Dubai World’s dream is a $3.5 billion debt nightmare

Dubai World’s dream is a $3.5 billion debt nightmare

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Dubai the brand stands for opulence and a luxurious lifestyle in a modern and vibrant 21st century city that has risen from the desert sands in just a few years.

The Dubai dream has turned in to a nightmare as an economy built on tourism; property and financial services took the full force of the recession hurricane head on.

State-owned Dubai World was one of the powerhouses driving the emirate’s economy, but now the company’s reputation lies in tatters as the firm has pulled out of projects, sacked thousands of staff and struggles to repay $3.5 billion debt by the end of the year.

Dubai World has the debt wrapped in subsidiary Nakheel, a construction company specialising in the luxury apartment blocks. Nakheel also built the artificial islands in the shape of palm trees and a map of the world off Dubai’s coast.

As property prices slumped by 50% and the buyers stopped coming, Nakheel financial problems have forced Dubai World to restructure and as such an integral part of Dubai’s economy, the knock on effects in the desert state are enormous.

“Dubai World has put on hold a number of projects until the market improves, including some tourism projects in Africa and elsewhere,” the company said. Details of the cancelled projects were not forthcoming.

Dubai World chairman Sultan Ahmed by Sulayem seems to have also put a planned $1.5 billion investment in African tourism on hold.

Dubai World had a shopping list of tourism projects in South Africa, Zimbabwe, Mozambique, Senegal and Rwanda.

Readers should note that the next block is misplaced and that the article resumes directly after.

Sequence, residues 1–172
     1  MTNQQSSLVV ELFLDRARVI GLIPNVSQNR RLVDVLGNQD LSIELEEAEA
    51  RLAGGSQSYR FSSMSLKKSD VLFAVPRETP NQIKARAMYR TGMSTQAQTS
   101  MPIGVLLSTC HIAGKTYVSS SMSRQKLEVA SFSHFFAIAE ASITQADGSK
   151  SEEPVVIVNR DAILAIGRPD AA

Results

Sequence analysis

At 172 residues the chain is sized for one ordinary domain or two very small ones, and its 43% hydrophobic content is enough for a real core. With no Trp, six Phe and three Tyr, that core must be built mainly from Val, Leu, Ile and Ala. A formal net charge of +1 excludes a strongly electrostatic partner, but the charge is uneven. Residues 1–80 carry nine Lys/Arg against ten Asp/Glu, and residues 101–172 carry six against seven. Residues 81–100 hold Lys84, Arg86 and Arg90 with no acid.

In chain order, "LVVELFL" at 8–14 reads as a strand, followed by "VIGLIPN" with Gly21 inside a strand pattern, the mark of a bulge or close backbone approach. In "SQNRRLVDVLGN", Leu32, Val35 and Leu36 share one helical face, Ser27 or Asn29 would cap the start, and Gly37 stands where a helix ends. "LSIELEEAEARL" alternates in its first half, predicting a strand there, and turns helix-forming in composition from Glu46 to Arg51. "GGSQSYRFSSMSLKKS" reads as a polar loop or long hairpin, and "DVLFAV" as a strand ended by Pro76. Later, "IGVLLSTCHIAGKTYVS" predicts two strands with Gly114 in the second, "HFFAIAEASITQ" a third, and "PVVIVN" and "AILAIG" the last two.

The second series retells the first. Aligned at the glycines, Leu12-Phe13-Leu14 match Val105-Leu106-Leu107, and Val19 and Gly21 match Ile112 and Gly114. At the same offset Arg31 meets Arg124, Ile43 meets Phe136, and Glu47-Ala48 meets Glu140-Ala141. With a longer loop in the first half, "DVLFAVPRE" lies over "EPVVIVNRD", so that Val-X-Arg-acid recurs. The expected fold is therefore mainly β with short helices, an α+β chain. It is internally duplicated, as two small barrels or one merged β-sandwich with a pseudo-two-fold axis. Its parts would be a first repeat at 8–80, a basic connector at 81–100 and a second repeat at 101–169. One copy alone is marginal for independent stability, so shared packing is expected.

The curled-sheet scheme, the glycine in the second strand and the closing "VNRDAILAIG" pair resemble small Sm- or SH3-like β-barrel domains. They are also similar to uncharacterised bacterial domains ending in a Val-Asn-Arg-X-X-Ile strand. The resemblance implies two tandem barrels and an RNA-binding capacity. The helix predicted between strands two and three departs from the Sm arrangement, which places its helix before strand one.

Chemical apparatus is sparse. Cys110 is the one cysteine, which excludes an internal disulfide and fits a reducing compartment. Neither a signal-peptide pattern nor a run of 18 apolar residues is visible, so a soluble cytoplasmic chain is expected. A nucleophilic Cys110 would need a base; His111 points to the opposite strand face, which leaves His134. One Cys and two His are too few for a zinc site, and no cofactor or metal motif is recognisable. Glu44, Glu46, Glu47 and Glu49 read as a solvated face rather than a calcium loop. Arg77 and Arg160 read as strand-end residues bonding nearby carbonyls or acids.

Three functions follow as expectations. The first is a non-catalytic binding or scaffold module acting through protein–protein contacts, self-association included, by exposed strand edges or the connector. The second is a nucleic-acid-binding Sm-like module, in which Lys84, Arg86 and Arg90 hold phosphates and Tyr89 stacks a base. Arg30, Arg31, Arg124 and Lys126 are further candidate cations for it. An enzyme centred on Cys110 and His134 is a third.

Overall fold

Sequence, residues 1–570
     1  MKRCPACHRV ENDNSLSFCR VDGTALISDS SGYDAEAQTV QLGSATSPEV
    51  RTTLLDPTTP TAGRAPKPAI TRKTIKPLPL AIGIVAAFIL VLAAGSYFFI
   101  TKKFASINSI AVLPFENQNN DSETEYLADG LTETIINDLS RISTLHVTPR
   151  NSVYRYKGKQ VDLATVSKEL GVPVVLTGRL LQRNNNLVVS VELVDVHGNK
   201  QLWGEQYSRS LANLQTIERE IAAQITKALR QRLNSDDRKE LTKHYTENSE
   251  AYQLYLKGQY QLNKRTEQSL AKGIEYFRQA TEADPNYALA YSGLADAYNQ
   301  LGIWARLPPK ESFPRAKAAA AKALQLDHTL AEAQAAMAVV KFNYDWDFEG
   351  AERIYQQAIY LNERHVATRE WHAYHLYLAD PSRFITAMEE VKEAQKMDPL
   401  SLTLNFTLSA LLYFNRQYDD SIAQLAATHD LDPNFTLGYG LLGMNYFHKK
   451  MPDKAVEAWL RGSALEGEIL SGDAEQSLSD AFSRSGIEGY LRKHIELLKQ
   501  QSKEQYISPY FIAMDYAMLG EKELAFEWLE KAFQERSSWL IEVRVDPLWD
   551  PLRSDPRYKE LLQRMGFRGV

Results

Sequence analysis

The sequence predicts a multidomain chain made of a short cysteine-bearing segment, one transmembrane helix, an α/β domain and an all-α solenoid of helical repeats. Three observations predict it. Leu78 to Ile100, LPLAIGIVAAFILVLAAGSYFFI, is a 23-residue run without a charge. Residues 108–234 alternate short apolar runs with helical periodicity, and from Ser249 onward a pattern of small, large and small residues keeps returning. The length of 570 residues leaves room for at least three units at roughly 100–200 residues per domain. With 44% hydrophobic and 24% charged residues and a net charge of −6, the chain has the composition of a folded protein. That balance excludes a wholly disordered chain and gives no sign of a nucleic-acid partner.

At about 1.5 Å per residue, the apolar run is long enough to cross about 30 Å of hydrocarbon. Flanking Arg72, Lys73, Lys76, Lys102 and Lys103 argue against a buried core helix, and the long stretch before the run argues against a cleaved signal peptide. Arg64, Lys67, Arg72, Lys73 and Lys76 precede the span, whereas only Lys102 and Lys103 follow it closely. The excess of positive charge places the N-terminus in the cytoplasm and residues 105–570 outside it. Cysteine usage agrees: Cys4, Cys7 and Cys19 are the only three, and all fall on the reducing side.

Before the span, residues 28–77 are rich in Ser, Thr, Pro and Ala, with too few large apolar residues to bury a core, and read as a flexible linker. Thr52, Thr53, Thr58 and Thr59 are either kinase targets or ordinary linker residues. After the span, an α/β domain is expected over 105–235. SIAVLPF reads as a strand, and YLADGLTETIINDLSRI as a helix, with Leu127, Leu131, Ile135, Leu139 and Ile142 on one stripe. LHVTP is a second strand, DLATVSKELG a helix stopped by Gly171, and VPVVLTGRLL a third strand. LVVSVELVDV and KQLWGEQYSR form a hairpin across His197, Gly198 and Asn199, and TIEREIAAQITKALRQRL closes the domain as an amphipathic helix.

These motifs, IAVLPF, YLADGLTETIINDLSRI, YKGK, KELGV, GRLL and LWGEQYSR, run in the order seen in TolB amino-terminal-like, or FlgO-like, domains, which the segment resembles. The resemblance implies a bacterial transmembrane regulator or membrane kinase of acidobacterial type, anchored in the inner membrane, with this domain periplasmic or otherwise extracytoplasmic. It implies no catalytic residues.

Only in May, the Sultan had extolled the African adventure and pointed out the continent was underdeveloped for tourism Dubai style.

In a desperate bid to generate cash, the company is considering moving the cruise liner Queen Elizabeth II from Dubai to Cape Town to act as a floating hotel during next year’s World Cup.

Dubai World bought the ship for about $100 million in 2007.

The plan hinges on the condition of the liner, which has been docked at Dubai and needs a certificate of seaworthiness to sail to Cape Town. At the time of purchase, the ship was in line for refurbishment but little or no work has been completed.

The company’s Nakheel Leisure Division is planning to host a visit from golf’s European PGA tour on the promise of offering a record-braking $20 million dollar prize purse – but that is also subject to a cut of 25%.

“Perhaps marketing the tour as the world’s richest is not appropriate at the present time,” said a source in Nakheel.

Building the clubhouse designated as the “preferred operational base” for the tournament is also behind schedule.

“Due to the timelines involved a decision has been taken to construct a temporary structure that is fitting of the season-ending championship and will provide the necessary facilities,” the company said.

No reason was given for the delay or for the reduction in prize money.